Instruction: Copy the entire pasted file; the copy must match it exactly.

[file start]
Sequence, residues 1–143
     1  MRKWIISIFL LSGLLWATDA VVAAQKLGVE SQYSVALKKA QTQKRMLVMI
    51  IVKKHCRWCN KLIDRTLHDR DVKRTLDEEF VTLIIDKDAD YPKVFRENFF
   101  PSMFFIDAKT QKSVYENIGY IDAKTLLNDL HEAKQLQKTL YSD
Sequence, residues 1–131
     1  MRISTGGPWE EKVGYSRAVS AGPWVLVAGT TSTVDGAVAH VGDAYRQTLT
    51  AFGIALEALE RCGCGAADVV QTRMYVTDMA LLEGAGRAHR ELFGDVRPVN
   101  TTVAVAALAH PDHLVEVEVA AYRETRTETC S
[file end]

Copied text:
Sequence, residues 1–143
     1  MRKWIISIFL LSGLLWATDA VVAAQKLGVE SQYSVALKKA QTQKRMLVMI
    51  IVKKHCRWCN KLIDRTLHDR DVKRTLDEEF VTLIIDKDAD YPKVFRENFF
   101  PSMFFIDAKT QKSVYENIGY IDAKTLLNDL HEAKQLQKTL YSD
Sequence, residues 1–131
     1  MRISTGGPWE EKVGYSRAVS AGPWVLVAGT TSTVDGAVAH VGDAYRQTLT
    51  AFGIALEALE RCGCGAADVV QTRMYVTDMA LLEGAGRAHR ELFGDVRPVN
   101  TTVAVAALAH PDHLVEVEVA AYRETRTETC S